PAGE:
Thus we desire to have capitalism without bankruptcy or business cycles, though it has been said that capitalism without bankruptcy is like Christianity without hell. And we desire the comforts of industrialization without any industrial accidents, although every activity incurs risks specific to that activity. It is only in thinking about capitalism or industrialization abstractly that we can manage to think ourselves into making unreasonable demands that will inevitably be disappointed.

And in pointing out the necessary pairing of capitalism and bankruptcy or industrialism and industrial accidents, I am not suggesting (after the manner of Hegel) that these pairs constitute a dialectic, and that history must swing back and forth between them. When we think in terms of pairs of concepts it is all-too-easy to fall into this assumption, but this particular instance of sloppy thinking is again another example of abstract thinking. We must think about our thinking with greater clarity and concreteness.

The pairs mentioned above — capitalism and bankruptcy, industrialism and industrial accidents — are not dialectical oppositions, but rather what we might call the socio-political equivalents of thema and thematic field. Husserl, in his phenomenological analysis of the structures of consciousness, used the ideas of thema and thematic field (as well as the related concept of the margin of consciousness, which we will not address here), but we can extrapolate from Husserl’s application of this structure to the mind, and apply it to the social equivalent of the mind: socio-political structures that we find ourselves living within.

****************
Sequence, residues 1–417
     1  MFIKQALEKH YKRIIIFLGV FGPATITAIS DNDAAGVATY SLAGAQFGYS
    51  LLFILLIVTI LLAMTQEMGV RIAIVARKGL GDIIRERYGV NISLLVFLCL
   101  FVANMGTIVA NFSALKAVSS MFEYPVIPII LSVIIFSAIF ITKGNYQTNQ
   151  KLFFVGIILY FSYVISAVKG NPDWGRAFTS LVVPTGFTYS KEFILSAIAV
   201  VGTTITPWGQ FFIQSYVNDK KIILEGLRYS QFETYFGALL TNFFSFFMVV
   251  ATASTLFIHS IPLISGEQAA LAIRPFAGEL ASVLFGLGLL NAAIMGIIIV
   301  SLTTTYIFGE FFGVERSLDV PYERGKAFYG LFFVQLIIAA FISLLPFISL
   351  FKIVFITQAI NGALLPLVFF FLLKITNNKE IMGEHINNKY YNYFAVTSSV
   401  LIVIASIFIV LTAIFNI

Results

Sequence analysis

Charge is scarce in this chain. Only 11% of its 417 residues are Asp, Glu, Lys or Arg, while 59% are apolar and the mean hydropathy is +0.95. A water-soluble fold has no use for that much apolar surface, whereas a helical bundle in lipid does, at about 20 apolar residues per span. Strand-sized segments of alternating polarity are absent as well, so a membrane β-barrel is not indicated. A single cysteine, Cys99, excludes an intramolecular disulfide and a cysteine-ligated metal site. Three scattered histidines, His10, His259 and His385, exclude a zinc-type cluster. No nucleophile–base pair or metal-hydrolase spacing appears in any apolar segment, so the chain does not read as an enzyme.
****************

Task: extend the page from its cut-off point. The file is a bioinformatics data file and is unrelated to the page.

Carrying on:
Capitalism creates the social equivalent of a thematic field — a capitalistic society — that must intrinsically include bankruptcy, business failures, business cycles, labor/management disputes, and much else besides. (Marx would say that the thematic field of capitalism intrinsically includes escalating cycles of crises, but I wouldn’t go this far.) These phenomena are the themas that are to be found within the thematic field. Similarly, the Industrial Revolution began a long term process of changing society, industrializing society. Industrial society is, again, the socio-political equivalent of a thematic field, the thematic field of industrialization, and intrinsic to the thematic field of industrialized society are the themas of industrial accidents, wage labor, industrial pollution, depletion of fossil fuels, and much else. You cannot have one without the other. In so far as we did not choose industrialization, but it happened to us as part of a large social transformation that was not the act or decision of any one individual or group of individuals, it it difficult to accept. Nevertheless, it is the case.